It takes 30 minutes by car form my house to my studio, where I paint. I go to my studio at 9 o’clock. During the morning, I play football, have something to think on my mind and prepare for the painting. From midday to 5 p.m. I paint. After all, I go back home, have dinner with my family, take a bath with my son. From 8 p.m. to midnight I relax with reading Japanese comics, watch TV and then go to bed.
In the last 20 years Japan and Korea have spent huge amounts of money for contemporary art building museums, promoting biennials, creating a new way of collecting. What is your opinion about this tendency? The same thing is happening in China right now...
I don’t know the details about those situations, so I cannot tell you my opinion. I don’t even know about the situation in China. However I think, this is not about art, this is a matter about capitalism.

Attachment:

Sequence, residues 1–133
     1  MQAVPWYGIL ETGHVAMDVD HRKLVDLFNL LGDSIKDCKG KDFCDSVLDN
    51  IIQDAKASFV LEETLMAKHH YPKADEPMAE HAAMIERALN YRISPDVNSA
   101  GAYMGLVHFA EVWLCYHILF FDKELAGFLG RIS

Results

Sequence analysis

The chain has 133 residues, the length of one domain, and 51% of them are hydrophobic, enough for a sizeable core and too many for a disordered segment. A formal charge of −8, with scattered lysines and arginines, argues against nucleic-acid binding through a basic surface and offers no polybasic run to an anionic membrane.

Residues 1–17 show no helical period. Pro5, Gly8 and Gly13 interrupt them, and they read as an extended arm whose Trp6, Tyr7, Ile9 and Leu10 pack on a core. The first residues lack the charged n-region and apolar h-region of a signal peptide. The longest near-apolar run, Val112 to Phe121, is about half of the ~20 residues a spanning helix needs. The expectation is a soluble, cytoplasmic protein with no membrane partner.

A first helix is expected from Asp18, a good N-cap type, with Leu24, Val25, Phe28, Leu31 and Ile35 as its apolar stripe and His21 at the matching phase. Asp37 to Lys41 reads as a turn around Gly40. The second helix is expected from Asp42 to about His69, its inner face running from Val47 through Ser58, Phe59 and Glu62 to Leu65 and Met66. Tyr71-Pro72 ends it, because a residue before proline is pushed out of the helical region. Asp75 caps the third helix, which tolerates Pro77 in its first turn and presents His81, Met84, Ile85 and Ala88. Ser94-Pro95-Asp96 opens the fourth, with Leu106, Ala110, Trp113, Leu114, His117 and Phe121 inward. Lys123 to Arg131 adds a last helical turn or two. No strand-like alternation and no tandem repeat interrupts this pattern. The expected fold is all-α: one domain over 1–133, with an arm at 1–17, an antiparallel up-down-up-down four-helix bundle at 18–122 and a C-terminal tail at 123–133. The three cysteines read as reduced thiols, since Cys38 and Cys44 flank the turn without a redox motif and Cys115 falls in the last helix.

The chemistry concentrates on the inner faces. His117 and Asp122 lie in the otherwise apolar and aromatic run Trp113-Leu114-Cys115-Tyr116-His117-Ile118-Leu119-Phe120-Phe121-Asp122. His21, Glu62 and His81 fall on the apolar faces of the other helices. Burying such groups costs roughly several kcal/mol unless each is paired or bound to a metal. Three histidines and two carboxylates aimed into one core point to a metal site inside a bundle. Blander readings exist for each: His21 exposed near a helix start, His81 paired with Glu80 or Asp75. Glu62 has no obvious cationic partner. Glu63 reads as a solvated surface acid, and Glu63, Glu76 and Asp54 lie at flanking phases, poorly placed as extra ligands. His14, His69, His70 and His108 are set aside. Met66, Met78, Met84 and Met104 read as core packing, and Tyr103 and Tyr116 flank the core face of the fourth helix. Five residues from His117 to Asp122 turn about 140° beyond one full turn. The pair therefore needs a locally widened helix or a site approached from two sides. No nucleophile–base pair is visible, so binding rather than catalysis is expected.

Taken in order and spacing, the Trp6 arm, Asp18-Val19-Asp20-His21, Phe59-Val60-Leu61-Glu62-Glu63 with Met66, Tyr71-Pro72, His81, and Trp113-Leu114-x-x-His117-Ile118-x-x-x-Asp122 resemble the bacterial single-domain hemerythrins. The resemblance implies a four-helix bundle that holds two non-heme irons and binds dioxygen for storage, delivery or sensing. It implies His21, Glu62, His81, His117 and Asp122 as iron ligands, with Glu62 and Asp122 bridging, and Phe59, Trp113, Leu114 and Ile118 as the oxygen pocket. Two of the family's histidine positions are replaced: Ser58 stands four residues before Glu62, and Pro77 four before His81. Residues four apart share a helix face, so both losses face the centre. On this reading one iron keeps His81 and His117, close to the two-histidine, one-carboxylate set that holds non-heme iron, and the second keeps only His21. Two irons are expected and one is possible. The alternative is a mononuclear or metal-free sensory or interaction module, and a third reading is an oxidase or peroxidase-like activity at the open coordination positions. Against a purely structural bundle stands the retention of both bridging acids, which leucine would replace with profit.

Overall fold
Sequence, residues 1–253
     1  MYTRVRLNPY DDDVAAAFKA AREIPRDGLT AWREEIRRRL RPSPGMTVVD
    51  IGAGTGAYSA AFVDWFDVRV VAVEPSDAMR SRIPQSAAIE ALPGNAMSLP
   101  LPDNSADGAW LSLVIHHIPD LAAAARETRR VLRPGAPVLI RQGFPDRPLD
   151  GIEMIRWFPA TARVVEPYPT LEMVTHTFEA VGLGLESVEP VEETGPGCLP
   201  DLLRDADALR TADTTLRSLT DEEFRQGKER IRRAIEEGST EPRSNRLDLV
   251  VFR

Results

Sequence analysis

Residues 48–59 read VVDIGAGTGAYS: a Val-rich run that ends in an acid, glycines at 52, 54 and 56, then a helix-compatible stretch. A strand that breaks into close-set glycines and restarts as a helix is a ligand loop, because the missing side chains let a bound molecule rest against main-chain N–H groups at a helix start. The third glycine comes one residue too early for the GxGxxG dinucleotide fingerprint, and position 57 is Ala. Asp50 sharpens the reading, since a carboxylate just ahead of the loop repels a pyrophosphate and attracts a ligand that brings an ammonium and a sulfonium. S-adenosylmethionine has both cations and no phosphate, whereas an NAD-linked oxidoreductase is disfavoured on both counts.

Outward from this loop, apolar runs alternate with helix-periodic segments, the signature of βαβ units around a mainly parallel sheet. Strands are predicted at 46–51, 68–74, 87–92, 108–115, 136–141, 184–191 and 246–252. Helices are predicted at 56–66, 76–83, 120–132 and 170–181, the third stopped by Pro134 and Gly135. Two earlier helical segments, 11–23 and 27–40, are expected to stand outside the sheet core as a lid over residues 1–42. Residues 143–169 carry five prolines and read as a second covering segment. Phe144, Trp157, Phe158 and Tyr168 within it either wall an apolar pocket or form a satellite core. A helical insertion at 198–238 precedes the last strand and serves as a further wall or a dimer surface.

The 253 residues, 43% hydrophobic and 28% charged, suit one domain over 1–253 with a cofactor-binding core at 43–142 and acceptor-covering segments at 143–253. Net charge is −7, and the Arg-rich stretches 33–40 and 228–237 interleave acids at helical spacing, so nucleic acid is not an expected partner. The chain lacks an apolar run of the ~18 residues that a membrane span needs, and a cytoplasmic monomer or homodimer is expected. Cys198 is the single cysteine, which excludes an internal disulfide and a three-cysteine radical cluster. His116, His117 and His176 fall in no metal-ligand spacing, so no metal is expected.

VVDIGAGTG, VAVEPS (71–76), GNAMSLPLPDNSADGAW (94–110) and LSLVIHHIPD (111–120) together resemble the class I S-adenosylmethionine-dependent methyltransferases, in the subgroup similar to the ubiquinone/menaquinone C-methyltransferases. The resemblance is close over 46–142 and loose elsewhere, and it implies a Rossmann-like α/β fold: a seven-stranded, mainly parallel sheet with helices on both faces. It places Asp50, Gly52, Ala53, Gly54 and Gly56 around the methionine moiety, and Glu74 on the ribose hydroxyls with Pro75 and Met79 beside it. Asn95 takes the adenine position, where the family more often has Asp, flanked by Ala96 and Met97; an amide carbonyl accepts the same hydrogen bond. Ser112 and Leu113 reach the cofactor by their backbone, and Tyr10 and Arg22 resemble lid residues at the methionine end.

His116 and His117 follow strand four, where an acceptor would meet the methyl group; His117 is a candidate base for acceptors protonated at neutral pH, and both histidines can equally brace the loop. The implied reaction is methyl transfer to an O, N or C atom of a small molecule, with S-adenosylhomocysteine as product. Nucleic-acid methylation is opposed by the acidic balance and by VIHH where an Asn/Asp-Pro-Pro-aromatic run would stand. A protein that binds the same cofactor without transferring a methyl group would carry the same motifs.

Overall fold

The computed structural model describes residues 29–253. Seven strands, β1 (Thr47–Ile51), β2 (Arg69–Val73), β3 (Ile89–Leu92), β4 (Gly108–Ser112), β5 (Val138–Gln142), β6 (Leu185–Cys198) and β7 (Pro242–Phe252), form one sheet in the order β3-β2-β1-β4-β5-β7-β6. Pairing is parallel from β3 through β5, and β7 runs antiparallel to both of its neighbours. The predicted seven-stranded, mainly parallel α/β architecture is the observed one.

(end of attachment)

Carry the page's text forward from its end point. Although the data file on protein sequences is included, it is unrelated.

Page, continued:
What would your next exhibition be like?
I don’t have any concrete ideas, but I can tell you that I prefer solo shows to group shows.
Izumi Kato interviewed by Gianni Romano, 2006
Izumi Kato was born in 1969 in Shimane Prefecture, graduated from Musashino Art University, where he studied oil painting, then embarked on a career in art after a blank period of a few years. He began depicting living beings that are almost primordial-looking, neither fetuses nor larvae, which were then slowly nurtured on canvas through the interaction between the artist and his subject.
Izumi Kato takes part at The 52nd International Art Exhibition, La Biennale di Venezia June 10 - November 21, 2007. Italian Pavilion, Giardini.